We continue focusing on the Archdiocese of Washington’s work during the Civil Rights movement by looking at the life of a major leader on Civil Rights, poverty and urban issues, Msgr. Geno Baroni. In this post we will look at his life and accomplishments.  In future posts we will focus on some of his larger initiatives within the archdiocese.  

Msgr. George Higgins – a noted Catholic writer on social justice issues and a champion of the rights of workers – described Msgr. Geno Baroni as “one of the most innovative and most effective Catholic social activists of his generation.” Msgr. Baroni was born in Acosta, Pennsylvania in 1930 in a coal company town to Italian immigrant parents.   He was ordained in 1956 for the Diocese of Altoona-Johnstown and worked in several parishes where he encountered an entrenched Irish clergy, several of whom did not look kindly on the young Italian-American priest nor his beliefs in labor organizing and social action.   Circumstances soon brought him to the Archdiocese of Washington, where he was assigned as an assistant to Msgr. George Gingras, then the pastor of St. Augustine’s Parish, the mother church for Black Catholics in the nation’s capital, founded in 1858 by free men and women of color.   At St. Augustine’s, then-Father Baroni found a vibrant parish in the midst of a decaying neighborhood.  Through his work at St. Augustine’s, the priest would soon become a leader in a new kind of Catholic social activism, which saw the poor not as objects of pity in need a paternal handout but as partners in the universal struggle for justice.  

The young priest convinced Msgr. Gingras to convert the former Convent of Perpetual Adoration at 1419 V Street, which had been created in 1906 with funding from Ida Barry Ryan, into a parish center.  Commonly called the V Street Center, and now known as the Gingras Center, the building housed the parish’s St. Vincent de Paul Society, the Catholic Interracial Council of Washington, hosted community meetings, and tutoring, day care, and summer camps for students.  Initially, Father Baroni also had a group of young women activists living on the upper floor in the former nun’s quarters in the spirit of Dorothy Day’s Catholic Worker movement to help run the center and its programs.  As the headquarters of the Catholic Interracial Council of Washington, the V Street Center became a command center for the 1963 March on Washington.  

Father Baroni’s work with justice extended outside of Washington, D.C. He joined the second March to Selma across the Edmund Pettus Bridge on March 9, 1963, two days after Bloody Sunday.   He also participated in protests and prayer services in Montgomery, Alabama.  He worked to found the Interreligious Committee on Religion and Race, which brought together Catholic, Protestant and Jewish leadership for the first time.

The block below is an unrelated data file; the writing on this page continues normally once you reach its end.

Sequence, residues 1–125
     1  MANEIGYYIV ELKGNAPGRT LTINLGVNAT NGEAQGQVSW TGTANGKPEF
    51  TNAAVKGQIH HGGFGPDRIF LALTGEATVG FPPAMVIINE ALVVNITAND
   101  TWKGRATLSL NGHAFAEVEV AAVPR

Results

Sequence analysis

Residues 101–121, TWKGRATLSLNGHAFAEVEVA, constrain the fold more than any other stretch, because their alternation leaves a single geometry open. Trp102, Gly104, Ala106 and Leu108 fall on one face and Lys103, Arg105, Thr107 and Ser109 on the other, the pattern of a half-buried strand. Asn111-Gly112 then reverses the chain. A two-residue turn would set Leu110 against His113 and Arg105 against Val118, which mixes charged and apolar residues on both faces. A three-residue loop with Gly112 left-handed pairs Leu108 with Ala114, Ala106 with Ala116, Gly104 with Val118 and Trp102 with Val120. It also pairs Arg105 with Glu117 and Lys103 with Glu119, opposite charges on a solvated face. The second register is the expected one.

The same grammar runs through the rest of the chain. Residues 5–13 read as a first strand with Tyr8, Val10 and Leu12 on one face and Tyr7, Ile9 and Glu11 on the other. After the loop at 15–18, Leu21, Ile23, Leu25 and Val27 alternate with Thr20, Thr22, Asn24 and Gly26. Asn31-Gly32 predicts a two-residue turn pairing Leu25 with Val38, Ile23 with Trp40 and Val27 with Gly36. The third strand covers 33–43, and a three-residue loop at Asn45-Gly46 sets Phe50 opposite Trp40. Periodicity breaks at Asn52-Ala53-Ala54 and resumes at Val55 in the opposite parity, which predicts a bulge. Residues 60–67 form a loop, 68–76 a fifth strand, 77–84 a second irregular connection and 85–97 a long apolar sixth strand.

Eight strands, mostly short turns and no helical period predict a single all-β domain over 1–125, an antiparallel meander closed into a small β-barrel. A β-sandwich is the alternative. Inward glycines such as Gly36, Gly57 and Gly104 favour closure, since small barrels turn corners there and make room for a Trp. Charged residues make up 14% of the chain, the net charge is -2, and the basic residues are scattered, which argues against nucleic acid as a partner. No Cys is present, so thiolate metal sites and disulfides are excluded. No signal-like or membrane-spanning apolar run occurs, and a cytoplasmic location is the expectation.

In 1965, Archbishop Patrick O’Boyle, then the archbishop of Washington and a future cardinal, named Father Baroni as the executive director of the archdiocese’s Office of Urban Affairs.   There he worked to improve housing in the District, particularly after the 1968 riots destroyed a large section of the city.  He also served as the program director for the Urban Task Force at the United States Catholic Conference under then-Bishop Joseph Bernardin. In this role, the priest was instrumental in forming the Campaign for Human Development.  

In 1970, Msgr. Baroni founded and served at the first president of the National Center for Urban Ethnic Affairs. The purpose of the center was to build up decaying ethnic neighborhoods in America’s cities. Msgr. Baroni knew that people who lived in cities must be able to work together for a common good.  As Msgr. Higgins pointed out, Msgr. Baroni understood that “middle and lower class whites could become a reactionary force unless they developed a healthy sense of their own identity and dignity.  But he saw more clearly than most people of his generation that working class blacks and whites are, or should be, allies, not enemies, and he spent most of his adult life prodding them to work together to resolve their common problems.”

In 1971-72, Msgr. Baroni fostered the creation of Network, the Catholic social justice lobbying organization. The priest also helped found another organization in 1975, the National Italian American Foundation, the mission of which is partly to preserve the Italian American heritage and to promote and inspire a positive image and legacy of Italian Americans.  Msgr. Baroni had endured discrimination as an Italian American from the time he was a child in Pennsylvania. By the 1980s, he was able to see some Italian Americans such as Congresswoman and Vice-Presidential candidate Geraldine Ferraro and Governor Mario Cuomo of New York reach national prominence.  

On March 24, 1977, Msgr. Baroni was nominated by President Jimmy Carter to serve as the Assistant Secretary of the United States Department of Housing and Urban Development, the first Roman Catholic priest to serve in a cabinet-level position in United States history.  In 1981, Msgr. Baroni returned to the Archdiocese of Washington as a special assistant for community affairs, working with Archbishop James A. Hickey, then the archbishop of Washington and also a future cardinal.  Msgr. Geno Baroni died of cancer at Providence Hospital in 1984 at the age of 53.   

(Dr. Jacobe serves as the director of the Archives for the Archdiocese of Washington.)